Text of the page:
The East Asian Mythology’s Chollima

North Korea

In the article I wrote on the Korean 1952 TB/Christmas seal, I briefly discussed Dr. Moon’s autobiography, “A Fly Stuck to the Tail of Chollima”. As noted in the article, the Chollima is a mythical winged horse originally from Chinese classic literature and is seen across East-Asian literature.

It is often seen on North Korean stamps because according to Wikipedia: “The word Chollima can be translated as “thousand li horse,” referring to its ability to travel 1,000 li (4000 kilometres) in a single day. It also was said that it could not be ridden by any person. It is known for accomplishing the most difficult tasks and to have led heroes to victory. This idea of Chollima was used by Kim Il-sung to energize the workers in North Korea to bring the country out of the rubble of the Korean War to obtain a better life and a more prosperous country in a short amount of time.” It has now become something of symbol for North Korea and has also been used by the tourism media to promote the Chollima statue in Pyongyang.

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5 thoughts on “The East Asian Mythology’s Chollima

  1. Our readers might find it interesting that all DPRK stamp images about Chollima are from the same statue in Pyongyang, which is probably the only statue in Pyongyang (or even in all North Korea?).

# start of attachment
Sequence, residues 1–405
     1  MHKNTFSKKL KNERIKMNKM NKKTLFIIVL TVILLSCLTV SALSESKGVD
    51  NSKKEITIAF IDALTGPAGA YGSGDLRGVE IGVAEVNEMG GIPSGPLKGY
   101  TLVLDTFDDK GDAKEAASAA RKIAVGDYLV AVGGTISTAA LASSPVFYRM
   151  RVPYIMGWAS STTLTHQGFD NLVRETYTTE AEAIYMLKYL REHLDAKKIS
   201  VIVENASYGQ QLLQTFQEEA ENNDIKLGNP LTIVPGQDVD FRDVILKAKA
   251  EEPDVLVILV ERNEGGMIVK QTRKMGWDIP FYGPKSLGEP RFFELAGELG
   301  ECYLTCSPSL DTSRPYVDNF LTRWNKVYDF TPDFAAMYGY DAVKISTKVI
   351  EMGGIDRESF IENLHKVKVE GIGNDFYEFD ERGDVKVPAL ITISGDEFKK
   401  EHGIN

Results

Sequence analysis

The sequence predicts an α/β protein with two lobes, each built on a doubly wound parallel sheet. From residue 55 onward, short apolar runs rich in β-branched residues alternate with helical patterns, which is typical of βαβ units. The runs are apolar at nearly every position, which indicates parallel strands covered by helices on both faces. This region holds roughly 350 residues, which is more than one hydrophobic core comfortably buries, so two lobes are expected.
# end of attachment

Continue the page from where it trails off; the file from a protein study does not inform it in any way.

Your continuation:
I’m also very interested in knowing why Chollima becomes a symbol in North Korea. Maybe our Korean culture experts can provide more information?
    Chollima actually comes from 3 Hangul words, 천 jeon ( means 1000) 리 ri ( unit of distance ) 마 ma (horse), reads as jeon-ri-ma. It means a strong horse which can run 1000 ri a day. The origin of thousand-miles horse did come from China but now only used in Korea and rarely being mentioned in Chinese culture.
    I just finished a very interesting South Korean TV drama called ” very cheap, Chollima mart”, I’m not sure if the screenplayer wants to imply the situation of modern North Korea, but it is a very interesting drama indeed. The English translation of the title calls it “Pegasus market”, and the image of Chollima is a horse with wings, so maybe any relationship with Greek mythology?

  2. The original figure of Chollima (Qian Li ma in Chinese) was coming from the Chinese folk tales/legendary and it is used to describe a fast, strong and unique horse which can travel very fast and long distance. North Korea chose Choliima as their first 5 year plan’s name (Chollima Movement) from 1957 to 61 which is corresponding to the same movement happened in China. After that Chollima stays as the symbol for socialism political course in North Korea and was carried forward today. That is just based on my knowledge.

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